The Girls of Silver Spur Ranch

by Grace MacGowan Cooke

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A Question of Names

The girls of Silver Spur ranch were all very busy helping Mary, the eldest, with her wedding sewing. Silver Spur was rather a pretentious name for John Spooner's little Texas cattle-farm, but Elizabeth, the second daughter, who had an ear attuned to sweet sounds, had chosen it; as a further confirmation of the fact she had covered an old spur with silver-leaf and hung it over the doorway. The neighboring ranchers had laughed, at first, and old Jonah Bean, the one cowboy left in charge of the small Spooner herd, always sniffed scornfully when he had occasion to mention the name of his ranch, declaring that The Tin Spoon would suit it much better. However, in time everybody became used to it, and Silver Spur the ranch remained--somehow Elizabeth always had her own way.

This young lady sat by the window in the little living-room where they were all at work, and carefully embroidered a big and corpulent "B" on a sofa-pillow for Mary, who was to marry, in a few days, a young man from another state who owned the euphonious name of Bellamy--a name Elizabeth openly envied him.

"I do think Spooner is such a horrid, commonplace sort of name," she declared with emphatic disapproval. "Aren't you glad you'll soon be rid of it, Mary?"

"Um-m," murmured Mary, paying scant heed to Elizabeth's query; she was hemming a ruffle to trim the little muslin frock which was the last unfinished garment of her trousseau, and she was too busy for argument.

"As if," continued Elizabeth, "the name wasn't odious enough, father must needs go and choose a spoon for his brand! And he might so easily have made it a fleur-de-lys--fairly rubbing it in, as if it was something to be proud of!"

Just then Mary, finding that the machine needle kept jabbing in one place, looked about for a cause, and perceived Elizabeth tranquilly rocking upon one of the unhemmed breadths of her ruffle.

"I'll be much obliged if you'll take your chair off my ruffle, Saint Elizabeth," she laughed, tugging at the crumpled cloth, "and just don't worry over the name--try and live up to your looks."

Elizabeth blushed a little as she stooped to disentangle the cloth from her rocker; she was a very handsome girl, altogether unlike her sisters, who were all rather short and dark, and plump looking, Cousin Hannah Pratt declared, as much alike as biscuits cut out of the same batch of dough. Elizabeth was about sixteen, tall and fair and slim, with large, serious blue eyes and long, thick blond hair, which she wore plaited in the form of a coronet or halo about her head--privately, she much preferred the halo, as best befitting the character of her favorite heroine, Saint Elizabeth, a canonized queen whom she desired to resemble in looks and deportment.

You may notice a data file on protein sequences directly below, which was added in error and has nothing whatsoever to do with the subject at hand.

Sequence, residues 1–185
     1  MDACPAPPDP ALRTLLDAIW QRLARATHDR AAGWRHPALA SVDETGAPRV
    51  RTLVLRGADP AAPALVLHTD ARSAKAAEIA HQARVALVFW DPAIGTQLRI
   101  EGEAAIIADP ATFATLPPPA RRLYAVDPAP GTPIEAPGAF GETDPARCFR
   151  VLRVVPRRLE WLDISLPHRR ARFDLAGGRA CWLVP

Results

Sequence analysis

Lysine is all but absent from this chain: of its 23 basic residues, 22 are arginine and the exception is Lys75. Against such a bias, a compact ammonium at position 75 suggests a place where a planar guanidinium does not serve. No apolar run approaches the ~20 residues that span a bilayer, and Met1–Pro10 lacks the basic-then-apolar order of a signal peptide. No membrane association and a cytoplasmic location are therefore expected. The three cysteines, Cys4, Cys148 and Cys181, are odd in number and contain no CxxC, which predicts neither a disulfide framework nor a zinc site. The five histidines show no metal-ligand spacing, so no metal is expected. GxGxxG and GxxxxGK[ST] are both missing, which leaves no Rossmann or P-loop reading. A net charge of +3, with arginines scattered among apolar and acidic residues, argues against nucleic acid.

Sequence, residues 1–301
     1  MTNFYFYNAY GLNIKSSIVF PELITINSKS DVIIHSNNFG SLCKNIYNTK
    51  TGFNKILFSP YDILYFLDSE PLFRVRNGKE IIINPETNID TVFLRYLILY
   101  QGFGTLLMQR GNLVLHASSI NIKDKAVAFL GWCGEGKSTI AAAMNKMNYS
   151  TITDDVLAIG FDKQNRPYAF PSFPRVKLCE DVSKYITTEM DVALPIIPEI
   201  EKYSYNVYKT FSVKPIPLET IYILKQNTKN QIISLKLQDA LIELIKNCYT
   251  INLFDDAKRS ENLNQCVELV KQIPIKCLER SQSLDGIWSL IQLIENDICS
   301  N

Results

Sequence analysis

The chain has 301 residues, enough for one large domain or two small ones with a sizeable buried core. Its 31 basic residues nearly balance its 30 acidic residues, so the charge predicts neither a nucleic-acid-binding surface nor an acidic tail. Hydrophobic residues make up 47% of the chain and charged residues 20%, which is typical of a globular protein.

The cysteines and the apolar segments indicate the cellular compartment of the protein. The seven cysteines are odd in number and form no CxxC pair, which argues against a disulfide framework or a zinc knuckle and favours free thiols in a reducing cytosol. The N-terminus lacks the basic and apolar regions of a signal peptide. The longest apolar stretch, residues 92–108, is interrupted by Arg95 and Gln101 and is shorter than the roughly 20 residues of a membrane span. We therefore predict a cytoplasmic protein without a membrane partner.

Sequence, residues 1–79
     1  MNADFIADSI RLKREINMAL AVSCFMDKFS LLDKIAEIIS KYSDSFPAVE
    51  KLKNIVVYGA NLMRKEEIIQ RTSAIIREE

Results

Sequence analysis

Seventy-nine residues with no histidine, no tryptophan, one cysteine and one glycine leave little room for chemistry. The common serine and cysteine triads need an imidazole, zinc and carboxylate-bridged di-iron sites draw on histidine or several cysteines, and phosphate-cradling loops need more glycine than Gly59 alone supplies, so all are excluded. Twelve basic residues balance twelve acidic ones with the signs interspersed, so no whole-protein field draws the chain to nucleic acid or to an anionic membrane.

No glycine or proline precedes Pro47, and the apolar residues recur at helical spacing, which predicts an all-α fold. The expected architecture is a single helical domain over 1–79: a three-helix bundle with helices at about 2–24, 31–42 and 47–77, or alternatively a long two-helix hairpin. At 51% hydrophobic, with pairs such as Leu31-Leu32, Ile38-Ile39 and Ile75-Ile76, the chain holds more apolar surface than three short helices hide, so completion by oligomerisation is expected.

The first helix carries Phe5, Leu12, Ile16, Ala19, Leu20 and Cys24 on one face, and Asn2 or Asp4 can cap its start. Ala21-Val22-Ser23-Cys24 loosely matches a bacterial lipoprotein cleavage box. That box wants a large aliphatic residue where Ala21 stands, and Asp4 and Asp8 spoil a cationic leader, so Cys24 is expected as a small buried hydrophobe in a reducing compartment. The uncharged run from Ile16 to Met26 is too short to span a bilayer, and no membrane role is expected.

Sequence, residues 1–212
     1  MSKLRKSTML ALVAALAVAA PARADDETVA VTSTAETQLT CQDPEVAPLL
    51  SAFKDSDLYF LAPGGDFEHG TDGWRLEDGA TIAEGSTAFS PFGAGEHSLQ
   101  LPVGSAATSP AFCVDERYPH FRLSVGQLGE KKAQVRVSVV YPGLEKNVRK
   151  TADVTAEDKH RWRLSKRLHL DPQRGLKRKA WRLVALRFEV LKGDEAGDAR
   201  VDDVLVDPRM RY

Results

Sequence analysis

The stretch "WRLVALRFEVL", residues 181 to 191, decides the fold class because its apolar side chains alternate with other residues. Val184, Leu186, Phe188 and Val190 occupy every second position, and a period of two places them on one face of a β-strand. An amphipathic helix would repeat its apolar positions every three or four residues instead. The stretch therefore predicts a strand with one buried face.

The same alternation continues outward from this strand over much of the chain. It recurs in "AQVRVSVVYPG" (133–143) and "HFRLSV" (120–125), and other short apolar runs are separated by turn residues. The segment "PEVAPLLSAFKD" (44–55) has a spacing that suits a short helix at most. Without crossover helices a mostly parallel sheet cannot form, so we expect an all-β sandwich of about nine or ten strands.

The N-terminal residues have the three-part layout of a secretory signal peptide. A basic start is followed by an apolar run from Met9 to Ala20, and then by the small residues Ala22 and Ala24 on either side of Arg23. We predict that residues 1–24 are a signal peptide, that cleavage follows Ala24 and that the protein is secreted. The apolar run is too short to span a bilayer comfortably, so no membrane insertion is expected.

"One would have to be a saint to bear with the name of Spooner," she said, rather crossly, as she tossed Mary her ruffle.

Cousin Hannah Pratt, rocking in the biggest chair, which she filled to overflowing, lifted her eyes from her work and regarded Elizabeth meditatively. "How'd you like to swap it for Mudd, Libby?" she asked tranquilly.

Elizabeth shuddered--she hated to be called Libby, it was so commonplace; and Cousin Hannah persisted in calling her that when she knew how it annoyed her. Elizabeth was thankful that Cousin Hannah--who kept a boarding-house in Emerald, the near-by village, and had kindly come over to help with the wedding--was only kin-in-law, which was bad enough; to have such an uncultured person for a blood relation would have been worse.

"Mudd! O, poor Elizabeth!" giggled Ruth, the third of the Spooner sisters, a merry-hearted girl of fifteen, who looked on all the world with mirthful eyes. "Cousin Hannah, what made you think of such an awful name?"